However, after getting to know Yale better as an institution and meeting the program’s coaches and athletes, the Bulldogs started to pull ahead of the pack. Moreover, Vaughns was energized by the success of athletes such as Yale indoor 400-meter record holder Marc-André Alexandre ’17 and saw that Yale’s program helped its athletes reach their potential. Yet it was how he saw Yale away from Coxe Cage that ultimately swayed his decision.

“At the end of the day I had to think about what would be the best four-year experience as well as short-term experience,” Vaughns said. “I really thought about, ‘Four years from now, what school do I want to be affiliated with?’ Yale offered me the opportunity to study whatever I wanted, and I felt like they valued me most not only as an athlete but [also] as a student. It really just felt like home.”

Vaughns has certainly taken advantage of the scope of opportunities at Yale that sparked his interest in the first place and is engaged in several different realms of student life off the track. In addition to being an economics major, Vaughns is interested in studying finance and is involved with Yale Undergraduate Diversified Investments. Vaughns will work for Morgan Stanley this summer. The sophomore is also a member of the Black Men’s Union and Chi Alpha — a Christian youth group organization.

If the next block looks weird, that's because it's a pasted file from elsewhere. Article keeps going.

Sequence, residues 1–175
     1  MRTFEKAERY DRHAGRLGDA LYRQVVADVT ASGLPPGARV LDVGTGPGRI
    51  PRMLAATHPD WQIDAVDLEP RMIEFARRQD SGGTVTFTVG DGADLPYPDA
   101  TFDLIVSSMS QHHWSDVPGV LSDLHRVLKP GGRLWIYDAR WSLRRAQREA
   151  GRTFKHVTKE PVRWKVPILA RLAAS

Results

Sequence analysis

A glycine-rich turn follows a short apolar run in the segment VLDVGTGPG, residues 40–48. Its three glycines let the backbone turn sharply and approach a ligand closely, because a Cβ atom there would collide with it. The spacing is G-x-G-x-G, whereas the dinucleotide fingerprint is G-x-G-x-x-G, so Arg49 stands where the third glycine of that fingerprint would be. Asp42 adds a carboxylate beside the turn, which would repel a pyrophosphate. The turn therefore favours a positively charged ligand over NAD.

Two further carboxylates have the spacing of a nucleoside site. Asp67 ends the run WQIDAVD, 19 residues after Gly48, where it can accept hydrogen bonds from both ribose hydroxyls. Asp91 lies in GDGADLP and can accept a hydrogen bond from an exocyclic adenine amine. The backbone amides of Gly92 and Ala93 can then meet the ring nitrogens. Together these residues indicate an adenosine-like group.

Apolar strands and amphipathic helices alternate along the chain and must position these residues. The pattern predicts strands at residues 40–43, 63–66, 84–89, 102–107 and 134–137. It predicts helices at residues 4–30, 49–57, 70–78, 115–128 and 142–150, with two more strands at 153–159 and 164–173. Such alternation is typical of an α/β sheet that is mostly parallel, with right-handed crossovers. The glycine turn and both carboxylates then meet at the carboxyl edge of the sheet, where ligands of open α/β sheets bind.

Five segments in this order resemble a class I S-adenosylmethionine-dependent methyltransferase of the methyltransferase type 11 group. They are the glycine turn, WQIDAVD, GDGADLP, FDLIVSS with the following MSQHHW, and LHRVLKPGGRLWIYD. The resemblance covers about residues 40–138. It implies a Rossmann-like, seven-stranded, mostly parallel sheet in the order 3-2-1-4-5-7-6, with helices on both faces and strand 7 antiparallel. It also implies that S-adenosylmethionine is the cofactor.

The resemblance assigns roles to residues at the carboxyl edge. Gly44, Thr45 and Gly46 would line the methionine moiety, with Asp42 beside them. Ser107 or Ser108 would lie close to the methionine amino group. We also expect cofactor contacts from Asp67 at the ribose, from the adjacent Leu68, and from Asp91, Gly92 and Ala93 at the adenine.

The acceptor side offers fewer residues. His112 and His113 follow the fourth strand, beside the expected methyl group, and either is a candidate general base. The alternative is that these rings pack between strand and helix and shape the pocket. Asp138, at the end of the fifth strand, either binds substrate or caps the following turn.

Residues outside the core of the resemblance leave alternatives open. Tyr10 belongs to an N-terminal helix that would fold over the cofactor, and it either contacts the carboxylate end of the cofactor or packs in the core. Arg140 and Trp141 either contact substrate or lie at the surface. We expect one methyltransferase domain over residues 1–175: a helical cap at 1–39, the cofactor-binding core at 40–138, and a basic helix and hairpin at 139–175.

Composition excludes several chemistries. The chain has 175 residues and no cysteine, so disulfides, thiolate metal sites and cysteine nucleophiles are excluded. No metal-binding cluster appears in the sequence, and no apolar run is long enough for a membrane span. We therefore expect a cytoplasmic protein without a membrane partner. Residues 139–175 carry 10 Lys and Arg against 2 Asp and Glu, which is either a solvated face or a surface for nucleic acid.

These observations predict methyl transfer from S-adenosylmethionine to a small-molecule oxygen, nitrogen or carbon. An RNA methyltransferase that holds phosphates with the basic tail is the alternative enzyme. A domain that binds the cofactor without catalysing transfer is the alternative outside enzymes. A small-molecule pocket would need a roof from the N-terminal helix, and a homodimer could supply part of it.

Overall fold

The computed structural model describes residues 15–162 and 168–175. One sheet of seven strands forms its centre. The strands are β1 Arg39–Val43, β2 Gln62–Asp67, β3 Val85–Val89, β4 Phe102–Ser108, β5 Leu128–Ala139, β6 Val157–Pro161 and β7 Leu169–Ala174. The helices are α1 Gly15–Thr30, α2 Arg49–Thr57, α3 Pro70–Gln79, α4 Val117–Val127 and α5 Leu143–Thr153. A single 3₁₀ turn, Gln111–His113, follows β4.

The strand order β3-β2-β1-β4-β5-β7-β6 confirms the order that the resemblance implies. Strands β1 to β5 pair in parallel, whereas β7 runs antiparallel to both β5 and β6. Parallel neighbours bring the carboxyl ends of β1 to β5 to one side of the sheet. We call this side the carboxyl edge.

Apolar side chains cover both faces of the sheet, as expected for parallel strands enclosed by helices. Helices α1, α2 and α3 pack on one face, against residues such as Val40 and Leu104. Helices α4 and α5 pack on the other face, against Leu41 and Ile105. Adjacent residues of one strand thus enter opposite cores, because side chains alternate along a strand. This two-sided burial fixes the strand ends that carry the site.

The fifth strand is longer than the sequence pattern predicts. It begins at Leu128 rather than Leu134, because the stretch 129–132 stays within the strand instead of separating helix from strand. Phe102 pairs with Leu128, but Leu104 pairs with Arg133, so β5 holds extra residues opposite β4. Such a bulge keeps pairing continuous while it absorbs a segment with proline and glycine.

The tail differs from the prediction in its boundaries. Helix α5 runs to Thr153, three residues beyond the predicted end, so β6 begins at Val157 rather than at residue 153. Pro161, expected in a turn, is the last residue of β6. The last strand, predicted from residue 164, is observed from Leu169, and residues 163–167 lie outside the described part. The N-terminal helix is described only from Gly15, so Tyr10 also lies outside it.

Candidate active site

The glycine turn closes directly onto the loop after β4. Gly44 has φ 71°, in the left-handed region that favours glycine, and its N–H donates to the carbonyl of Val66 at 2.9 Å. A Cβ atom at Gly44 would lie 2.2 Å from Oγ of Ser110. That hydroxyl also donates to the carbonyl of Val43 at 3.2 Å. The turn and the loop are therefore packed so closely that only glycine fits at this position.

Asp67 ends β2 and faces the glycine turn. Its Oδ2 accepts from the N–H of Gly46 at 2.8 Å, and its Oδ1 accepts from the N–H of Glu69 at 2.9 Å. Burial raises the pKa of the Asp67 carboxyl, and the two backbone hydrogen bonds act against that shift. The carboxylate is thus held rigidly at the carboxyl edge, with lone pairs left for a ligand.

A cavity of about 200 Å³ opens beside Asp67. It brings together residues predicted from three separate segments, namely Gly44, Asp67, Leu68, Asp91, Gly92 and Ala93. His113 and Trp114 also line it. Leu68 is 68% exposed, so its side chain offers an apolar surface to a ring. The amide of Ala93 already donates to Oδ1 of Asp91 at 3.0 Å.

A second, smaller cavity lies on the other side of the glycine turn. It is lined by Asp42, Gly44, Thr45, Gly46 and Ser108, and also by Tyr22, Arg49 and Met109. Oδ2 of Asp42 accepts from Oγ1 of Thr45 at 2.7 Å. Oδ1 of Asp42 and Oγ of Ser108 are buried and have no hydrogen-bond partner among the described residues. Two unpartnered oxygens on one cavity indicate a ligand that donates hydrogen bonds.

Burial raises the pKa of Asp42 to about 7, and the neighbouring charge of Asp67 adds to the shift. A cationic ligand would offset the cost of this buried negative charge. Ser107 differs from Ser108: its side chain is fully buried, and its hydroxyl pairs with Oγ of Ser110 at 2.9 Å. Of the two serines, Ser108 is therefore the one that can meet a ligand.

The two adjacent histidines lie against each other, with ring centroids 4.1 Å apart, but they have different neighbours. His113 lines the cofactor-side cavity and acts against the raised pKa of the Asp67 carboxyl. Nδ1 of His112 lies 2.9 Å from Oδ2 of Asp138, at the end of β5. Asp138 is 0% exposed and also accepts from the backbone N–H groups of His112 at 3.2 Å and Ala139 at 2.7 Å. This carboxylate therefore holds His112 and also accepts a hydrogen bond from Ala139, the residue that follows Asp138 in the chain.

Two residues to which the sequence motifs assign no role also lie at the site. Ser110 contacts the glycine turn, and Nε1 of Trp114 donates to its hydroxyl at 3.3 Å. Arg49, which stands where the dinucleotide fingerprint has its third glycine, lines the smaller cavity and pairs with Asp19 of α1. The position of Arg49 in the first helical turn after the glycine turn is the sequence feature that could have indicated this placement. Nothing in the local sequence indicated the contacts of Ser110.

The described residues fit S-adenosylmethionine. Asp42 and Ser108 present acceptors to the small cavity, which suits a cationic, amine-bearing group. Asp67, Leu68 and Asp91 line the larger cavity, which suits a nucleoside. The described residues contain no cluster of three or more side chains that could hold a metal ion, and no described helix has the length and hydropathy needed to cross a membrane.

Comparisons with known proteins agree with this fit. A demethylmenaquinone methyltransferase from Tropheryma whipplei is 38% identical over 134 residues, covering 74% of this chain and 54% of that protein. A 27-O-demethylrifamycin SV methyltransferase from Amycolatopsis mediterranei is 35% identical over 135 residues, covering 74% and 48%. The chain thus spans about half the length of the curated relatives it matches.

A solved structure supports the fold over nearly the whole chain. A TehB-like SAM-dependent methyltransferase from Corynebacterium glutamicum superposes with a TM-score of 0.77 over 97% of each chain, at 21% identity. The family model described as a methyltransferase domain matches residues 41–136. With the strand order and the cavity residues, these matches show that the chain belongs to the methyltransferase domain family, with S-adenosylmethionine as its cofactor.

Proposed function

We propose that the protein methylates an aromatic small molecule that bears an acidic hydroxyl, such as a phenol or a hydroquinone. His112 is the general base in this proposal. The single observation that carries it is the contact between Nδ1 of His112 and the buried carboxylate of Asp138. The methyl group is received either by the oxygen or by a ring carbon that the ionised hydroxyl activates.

Yet despite all his success and engagement with Yale on and off the track, Vaughns does not want to be considered an anomaly, especially to kids from his hometown in Florida. Serving as a mentor to students at North Marion High School — where he spent his freshman and sophomore years of high school — Vaughns hopes to become a role model to students looking to reach the next level both athletically and academically.

“I try to show the [students] that I was no different from them and just show them not only what it takes to get accepted but [also] how to survive playing a sport while handling world-class academics,” Vaughns said. “Hopefully I can be of help to them in any way I can.”

With more than half his collegiate running career ahead of him, Vaughns has no intention of slowing down. This season, he has won the 200-meter race at the Villanova Invitational and the 60-meter race against Columbia and Dartmouth, while placing a close second in the 60-meter race at HYP.

Beyond setting more school records, Vaughns is eager to see himself not just at the top of the Ivy League but also as a top runner in the nation. Making it to the NCAA track and field championships is no small feat for any runner, but it is particularly rare for athletes in smaller conferences like the Ivy League. Only one other Bulldog, distance runner Trevor Reinhart ’19, has competed in the national championship races.

“When [Vaughns] comes to practice, it’s all track for him for those few hours everyday, even though he’s also challenged with his schoolwork and other extracurriculars,” Yale assistant track and field coach George Evans said. “He doesn’t cut corners with his time in the training room after practice or in the weight room. …  He comes to Coxe Cage everyday with the same enthusiasm.”

Vaughns will hit the track this weekend for the Ivy League Heptagonal Championships in Hanover. The meet begins at 10 a.m. on Saturday.

Ellen Margaret Andrews |